The last mile of the Murfreesboro Half Marathon is a long straight-away in which you can see the finish line, the Middle Tennessee State University Track Stadium, in the distance. The last mile seemed like an eternity, but I made it through a headwind and into the stadium eventually.

When I turned the corner and ran inside the stadium, I felt an overwhelming sense of emotion. If my legs hadn’t felt like they were about to sever from my hip bones, I might have actually cried at that point. I truly couldn’t believe I had ran 13 miles.

I saw several hundred people lined up behind the ropes, the most important of whom was my lovely wife, cheering as I and hundreds of others passed. She was hopping up and down and clapping. She seemed so incredibly happy for me, with an ear-to-ear grin plastered on her face. It was one of those mental photographs I’ll never forget.

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The end. (Image: Robert Bruce's iPhone)

Finally, I crossed the finish line.

After five months of training, and after 2 hours 2 minutes and 16 seconds of repeatedly placing one foot in front of the other, I had finished.

In some sort of strange paradox, though, I was a bit sad. After 5 months of talking about this half marathon–the training, the dieting, the lifestyle changes–it was over.

If I chose, life as usual could return: the Cokes, the fried foods, the lazy, inactive afternoons. Freedom, right?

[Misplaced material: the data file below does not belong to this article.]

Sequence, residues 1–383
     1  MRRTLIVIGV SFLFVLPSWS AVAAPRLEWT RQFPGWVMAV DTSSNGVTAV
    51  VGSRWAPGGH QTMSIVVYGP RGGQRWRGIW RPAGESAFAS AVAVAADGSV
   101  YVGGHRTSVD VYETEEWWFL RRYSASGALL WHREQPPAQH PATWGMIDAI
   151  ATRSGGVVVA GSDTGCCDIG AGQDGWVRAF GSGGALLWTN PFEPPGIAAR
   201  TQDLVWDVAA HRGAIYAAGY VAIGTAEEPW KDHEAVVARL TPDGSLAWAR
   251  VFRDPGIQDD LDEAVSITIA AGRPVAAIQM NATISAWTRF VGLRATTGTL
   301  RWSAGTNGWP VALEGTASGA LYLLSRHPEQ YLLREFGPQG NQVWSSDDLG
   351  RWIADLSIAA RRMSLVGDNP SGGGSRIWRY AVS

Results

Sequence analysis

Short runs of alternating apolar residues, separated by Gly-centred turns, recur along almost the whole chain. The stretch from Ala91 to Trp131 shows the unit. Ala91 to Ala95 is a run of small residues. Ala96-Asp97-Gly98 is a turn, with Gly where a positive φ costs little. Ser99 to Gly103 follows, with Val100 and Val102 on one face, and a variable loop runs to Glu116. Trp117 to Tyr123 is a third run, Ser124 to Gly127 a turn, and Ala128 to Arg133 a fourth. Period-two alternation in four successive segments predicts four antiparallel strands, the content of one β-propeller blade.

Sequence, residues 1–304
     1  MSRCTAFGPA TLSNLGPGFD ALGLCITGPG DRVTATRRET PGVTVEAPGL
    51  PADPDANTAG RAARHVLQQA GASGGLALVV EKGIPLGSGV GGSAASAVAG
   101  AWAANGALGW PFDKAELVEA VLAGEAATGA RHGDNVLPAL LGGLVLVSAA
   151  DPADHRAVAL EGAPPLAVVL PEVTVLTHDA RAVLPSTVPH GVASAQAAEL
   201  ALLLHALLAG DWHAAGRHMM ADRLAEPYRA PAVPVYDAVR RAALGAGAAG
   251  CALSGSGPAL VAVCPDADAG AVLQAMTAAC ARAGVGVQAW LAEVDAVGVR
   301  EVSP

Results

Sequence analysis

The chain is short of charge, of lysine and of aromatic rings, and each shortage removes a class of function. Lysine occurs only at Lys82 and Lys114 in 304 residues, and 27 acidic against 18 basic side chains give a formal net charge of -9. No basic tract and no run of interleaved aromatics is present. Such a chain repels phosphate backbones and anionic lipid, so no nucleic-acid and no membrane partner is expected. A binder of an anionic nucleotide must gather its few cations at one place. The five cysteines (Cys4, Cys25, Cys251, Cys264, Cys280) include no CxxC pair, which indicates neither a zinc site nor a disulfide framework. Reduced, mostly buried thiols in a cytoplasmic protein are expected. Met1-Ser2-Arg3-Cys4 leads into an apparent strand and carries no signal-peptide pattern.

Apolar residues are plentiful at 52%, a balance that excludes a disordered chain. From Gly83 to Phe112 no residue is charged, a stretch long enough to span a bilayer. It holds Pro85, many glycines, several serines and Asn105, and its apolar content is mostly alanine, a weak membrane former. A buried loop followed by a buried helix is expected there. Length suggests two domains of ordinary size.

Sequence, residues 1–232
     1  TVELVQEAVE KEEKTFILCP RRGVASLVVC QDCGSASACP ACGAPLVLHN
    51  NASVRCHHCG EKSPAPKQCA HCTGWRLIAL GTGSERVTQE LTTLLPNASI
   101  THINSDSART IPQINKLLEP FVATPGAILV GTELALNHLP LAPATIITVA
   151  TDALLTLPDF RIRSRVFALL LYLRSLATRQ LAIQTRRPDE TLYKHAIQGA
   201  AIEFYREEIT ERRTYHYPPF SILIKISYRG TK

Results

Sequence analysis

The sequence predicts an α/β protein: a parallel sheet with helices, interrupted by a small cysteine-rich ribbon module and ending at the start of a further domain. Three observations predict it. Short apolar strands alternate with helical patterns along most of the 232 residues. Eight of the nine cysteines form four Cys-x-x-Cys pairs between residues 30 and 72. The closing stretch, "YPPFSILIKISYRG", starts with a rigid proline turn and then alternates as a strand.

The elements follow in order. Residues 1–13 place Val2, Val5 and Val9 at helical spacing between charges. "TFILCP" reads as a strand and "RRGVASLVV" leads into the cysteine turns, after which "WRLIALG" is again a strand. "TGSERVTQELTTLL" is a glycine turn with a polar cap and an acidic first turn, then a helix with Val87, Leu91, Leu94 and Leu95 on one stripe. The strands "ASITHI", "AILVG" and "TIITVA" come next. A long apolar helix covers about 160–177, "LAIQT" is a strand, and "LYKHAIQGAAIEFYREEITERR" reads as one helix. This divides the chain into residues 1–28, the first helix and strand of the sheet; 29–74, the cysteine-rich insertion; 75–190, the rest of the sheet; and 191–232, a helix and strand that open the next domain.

The Future

But, not really. Like broccoli, running has become a part of my lifestyle.

I’ve totally become hooked, to the point which I’ve written over 1,300 words about running on my golf blog! What’s up with that?

Golf will not go away. But choosing to run is one of the best decisions I’ve ever made. My family has a history of heart issues. In my world, things needed to change.

I’m already preparing for my second half marathon next month. I’m considering a full marathon in April 2010. I’m totally and ridiculously hooked to this insane, but unlike golf, healthy hobby.

It’s not going away. I fully intend, like my late grandfather, to be one of those guys who is 80 years old with the heart of a 35 year old.

If you’re not a runner, I encourage you to give it a try. Get past the pain, get past the discomfort, and see what it’s  like. Yes, it’s incredibly difficult at first, but it’s worth it. It’s totally worth it.

And, maybe, just maybe, you’ll grow to realize, like me, that broccoli doesn’t suck anymore.